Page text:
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The Utah Transit Authority denied my reasonable request for a few minutes of time during the April 12 board meeting to publicly present a list of proposed agency reforms and to express concerns about the agency's reaction to the unprecedented placement of the UTA under federal monitorship to avoid possible criminal prosecution. This underscores the need for additional reforms.

After the meeting, two reporters approached me, and a top UTA executive came over to monitor the conversation and to explain I was "not allowed" to answer media questions, per the UTA "Media Policy." While the chairman — to his credit — allowed me to answer media questions after the reporters objected, this unsettling episode is unacceptable for a public agency operating in the United States of America under the First Amendment.

The solutions to improving UTA governance and earning back public trust are simple concepts as old as American democracy itself: "separation of powers," and, "checks and balances." Our Founders realized the importance of separating power among different offices or branches and of ensuring that parties exercising power were able to check and balance one another. As Lord Acton famously said, "Absolute power corrupts absolutely," and separating power and providing for checks and balances are essential to maintain public trust. If such checks had been in place and exercised, the abuses at UTA would never have been able to occur.

I believe that too much power has been concentrated into too few executive hands at UTA, and that the Board of Trustees has not provided adequate checks to balance that power. For example, a review of UTA meeting minutes for 2015 and 2016 finds that the most common phrase repeated in the minutes is, "the motion carried by unanimous consent," and that only four individual "no" votes were among the approximately 2,000 total votes cast by 16 board members. Democracy should involve healthy tension and competing opinions, with the end result being a thoroughly challenged and vetted decision — an outcome that unanimity rarely achieves.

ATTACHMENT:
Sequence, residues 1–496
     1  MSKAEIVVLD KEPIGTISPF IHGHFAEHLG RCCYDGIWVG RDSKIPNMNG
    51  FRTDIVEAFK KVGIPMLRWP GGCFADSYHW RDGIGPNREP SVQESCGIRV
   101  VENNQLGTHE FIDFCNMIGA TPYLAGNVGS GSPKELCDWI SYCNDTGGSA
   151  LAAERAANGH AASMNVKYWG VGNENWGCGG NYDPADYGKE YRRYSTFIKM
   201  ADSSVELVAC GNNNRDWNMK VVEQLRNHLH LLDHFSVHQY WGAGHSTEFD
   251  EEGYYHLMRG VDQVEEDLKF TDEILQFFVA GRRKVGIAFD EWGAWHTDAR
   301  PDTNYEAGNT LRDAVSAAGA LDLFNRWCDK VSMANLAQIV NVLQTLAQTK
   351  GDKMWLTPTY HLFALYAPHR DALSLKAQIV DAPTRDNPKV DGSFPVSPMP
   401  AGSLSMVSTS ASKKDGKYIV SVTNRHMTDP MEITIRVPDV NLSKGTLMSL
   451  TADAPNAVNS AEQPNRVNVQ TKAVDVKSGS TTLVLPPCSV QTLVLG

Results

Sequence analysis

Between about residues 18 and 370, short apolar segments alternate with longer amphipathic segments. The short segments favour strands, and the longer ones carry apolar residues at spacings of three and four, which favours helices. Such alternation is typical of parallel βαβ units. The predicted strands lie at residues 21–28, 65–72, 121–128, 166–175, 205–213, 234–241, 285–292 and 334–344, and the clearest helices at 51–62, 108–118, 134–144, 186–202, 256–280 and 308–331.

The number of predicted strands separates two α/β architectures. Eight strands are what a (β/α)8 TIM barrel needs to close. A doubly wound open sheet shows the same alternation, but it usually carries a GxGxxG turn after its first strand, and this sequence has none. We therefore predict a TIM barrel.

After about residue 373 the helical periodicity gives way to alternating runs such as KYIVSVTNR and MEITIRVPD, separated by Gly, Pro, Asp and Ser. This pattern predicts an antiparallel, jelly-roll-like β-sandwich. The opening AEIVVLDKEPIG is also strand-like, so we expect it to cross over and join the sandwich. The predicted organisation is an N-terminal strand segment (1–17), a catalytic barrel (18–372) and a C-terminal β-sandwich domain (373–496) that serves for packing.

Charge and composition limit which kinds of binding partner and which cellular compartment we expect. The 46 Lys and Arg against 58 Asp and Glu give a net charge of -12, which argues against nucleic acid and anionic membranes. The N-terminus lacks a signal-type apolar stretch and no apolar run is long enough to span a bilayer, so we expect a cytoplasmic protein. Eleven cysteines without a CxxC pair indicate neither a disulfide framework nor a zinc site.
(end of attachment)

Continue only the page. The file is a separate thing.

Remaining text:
For every dollar in fares collected by UTA, nearly five dollars of subsidy are paid by Utah taxpayers. We must never forget that fact and that the taxpayers — most of whom pay for but never use UTA — deserve a model of governance that is worthy of their hard-earned tax dollars. To that end, I propose the following to strengthen and improve the oversight role of the board:

• Transparency and Openness: Explicitly list all items to be considered on the board agenda (e.g., no more nondescript agenda items stating, "action taken regarding matters discussed in closed session"); treat all UTA Board or committee meetings as public; repeal the UTA media policy, which promotes groupthink and artificial unanimity.

• Governance: Foster a climate of healthy debate on the board where alternate views are welcomed and encouraged; carefully scrutinize all management proposals, and vote proposals down as appropriate; reform UTA executive compensation and eliminate or significantly reduce bonus programs; stop using tax dollars to hire outside lobbyists to the Utah Legislature.

• Transit Oriented Development Land Deals: Require appraisals and purchase and sale agreements to be completed before presenting any land deal to the board for approval; give the board and public time and opportunity to scrutinize the details. The UTA is a public agency and the taxpayer's interests must come before the convenience or privacy of any developer.

With the UTA entering a period of federal oversight and monitorship, with state lawmakers talking openly about putting the UTA under state management, and with the loss of public trust, this is a time for immediate action to improve governance and to build upon the positive reforms over the past few years. And if any UTA executives are not on board with enhancing and strengthening separation of powers and checks and balances at UTA, then they must be replaced with leaders who are ready to do so.

In the long-run, more balanced oversight will be better for UTA leaders as accountability engenders success; it will be better for the hard-working and dedicated UTA employees who unfairly suffer the fallout from inadequate UTA governance practices; it will be better for UTA passengers who are the purpose for which UTA exists; and, above all, it will allow the UTA to rebuild public trust by implementing the type of balanced governance that Utah taxpayers expect and deserve. I look forward to listening to proposals and ideas from other Board members and working together for a better UTA.

Brent Taylor is the mayor of North Ogden City and the newest member of the UTA Board of Trustees; he is a veteran of the Iraq and Afghanistan Wars, and is a graduate of Brigham Young University and the University of Utah. This column solely contains the personal opinions of Mr. Taylor and does not represent or reflect the opinions of the UTA or the UTA Board of Trustees.